Placing Dental Crowns
A dental crown procedure may be recommended for protecting your weak tooth or restoring a broken tooth. It is also best suited for holding a dental bridge, covering a dental implant, and other cosmetic modifications.
Understanding the Procedure for Placing Dental Crowns
The dental crown placement procedure is performed in two visits. However, using CAD technology, you can also get same-day crowns made and installed in a single appointment. The regular procedure includes the following steps:
First Visit - Oral Examination and Tooth Preparation
During the first visit, the dentist will take your oral X-ray. This is needed to determine the health of the roots and surrounding gum line of the tooth that will receive the crown. If there is a tooth pulp injury or chances of an infection, the dentist may first perform a root canal treatment.
Next, the dental crown-making process will begin. The dentist will use anesthesia to numb the tooth and reshape it to make space for the dental crown. The reshaping of the tooth will depend on the crown type you choose.
After the tooth is reshaped, the dentist will use putty to make an impression of the tooth that will receive the crown. They are then sent to the dental lab to get manufactured. Meanwhile, the dentist will use temporary cement to insert and hold a temporary crown made of acrylic to avoid further damage to the tooth.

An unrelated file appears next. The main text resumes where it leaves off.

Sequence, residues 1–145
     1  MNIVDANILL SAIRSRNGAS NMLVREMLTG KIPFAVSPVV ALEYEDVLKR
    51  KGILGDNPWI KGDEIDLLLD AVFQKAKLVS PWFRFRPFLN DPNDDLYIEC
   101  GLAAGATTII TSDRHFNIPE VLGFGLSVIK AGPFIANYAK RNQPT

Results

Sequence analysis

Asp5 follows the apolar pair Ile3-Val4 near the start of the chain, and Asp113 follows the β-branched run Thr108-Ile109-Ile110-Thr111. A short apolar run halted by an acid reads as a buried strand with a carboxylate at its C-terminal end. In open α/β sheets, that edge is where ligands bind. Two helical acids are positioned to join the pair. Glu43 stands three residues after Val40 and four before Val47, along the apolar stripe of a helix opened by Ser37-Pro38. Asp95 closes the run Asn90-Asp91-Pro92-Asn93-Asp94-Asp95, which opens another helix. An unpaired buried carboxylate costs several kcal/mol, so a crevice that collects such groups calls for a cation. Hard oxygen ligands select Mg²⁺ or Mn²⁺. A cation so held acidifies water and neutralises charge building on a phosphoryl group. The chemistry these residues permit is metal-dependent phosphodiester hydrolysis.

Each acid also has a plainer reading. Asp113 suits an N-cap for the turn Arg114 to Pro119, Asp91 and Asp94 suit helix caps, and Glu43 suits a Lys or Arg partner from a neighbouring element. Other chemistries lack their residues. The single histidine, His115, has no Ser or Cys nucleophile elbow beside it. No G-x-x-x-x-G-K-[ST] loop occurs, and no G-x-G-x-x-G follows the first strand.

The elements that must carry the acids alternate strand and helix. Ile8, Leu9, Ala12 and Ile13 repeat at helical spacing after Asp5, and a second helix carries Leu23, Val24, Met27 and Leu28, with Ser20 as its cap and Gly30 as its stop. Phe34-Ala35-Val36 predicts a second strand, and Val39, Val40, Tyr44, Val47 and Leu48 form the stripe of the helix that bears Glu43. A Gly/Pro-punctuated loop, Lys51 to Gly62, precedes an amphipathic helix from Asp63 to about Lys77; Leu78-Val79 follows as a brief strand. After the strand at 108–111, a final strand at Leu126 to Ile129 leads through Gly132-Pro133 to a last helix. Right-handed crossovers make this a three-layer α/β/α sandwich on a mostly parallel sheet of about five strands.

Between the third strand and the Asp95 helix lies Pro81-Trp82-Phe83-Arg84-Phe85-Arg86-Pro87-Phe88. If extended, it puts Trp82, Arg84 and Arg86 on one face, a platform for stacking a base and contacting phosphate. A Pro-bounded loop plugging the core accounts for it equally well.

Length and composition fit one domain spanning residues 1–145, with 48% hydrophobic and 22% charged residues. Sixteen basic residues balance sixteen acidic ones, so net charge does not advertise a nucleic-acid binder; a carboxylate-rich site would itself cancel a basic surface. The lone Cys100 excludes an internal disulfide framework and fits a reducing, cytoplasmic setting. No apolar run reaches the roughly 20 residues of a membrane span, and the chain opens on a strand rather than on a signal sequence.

Second Visit - Permanent Placement of the Dental Crown
After two weeks, you will visit the dentist's office for permanent dental crown placement. The dentist will carefully remove the temporary dental crown during your second visit. Next, they will place the permanent crown and check the color and fit. If everything looks good, with a local anesthetic, the dentist will numb the tooth to cement the crown in its place permanently.
You can select from an extensive range of dental crowns. The most popular options include:
Metal crowns are long-lasting and don’t wear down easily. They don’t break or chip. Metals commonly used in dental crowns are palladium, gold, chromium, and nickel. Though metal crowns can withstand chewing forces, they are visible because of their metallic color. Hence, they are only suitable for out-of-sight molars, not the front teeth.
All-ceramic crowns offer the best color match - mimicking your real teeth. Hence, they are best suited for front-damaged teeth. Besides this, other benefits of ceramic crowns are that they have restorative capabilities and protective qualities. Also, with these crowns, all risk of reactions to allergies to metal is removed.
Porcelain Fused to Metal
Though porcelain fused to metal crowns can mimic the color and shade of the adjacent teeth, they chip and break off easily. Also, the metal of the porcelain crown becomes visible when the gums start to recede. Therefore, it’s not always the first choice.
For more information about placing dental crowns or for the procedure, please call us at (740) 781-0540 to schedule a consultation at OHIOSmiles.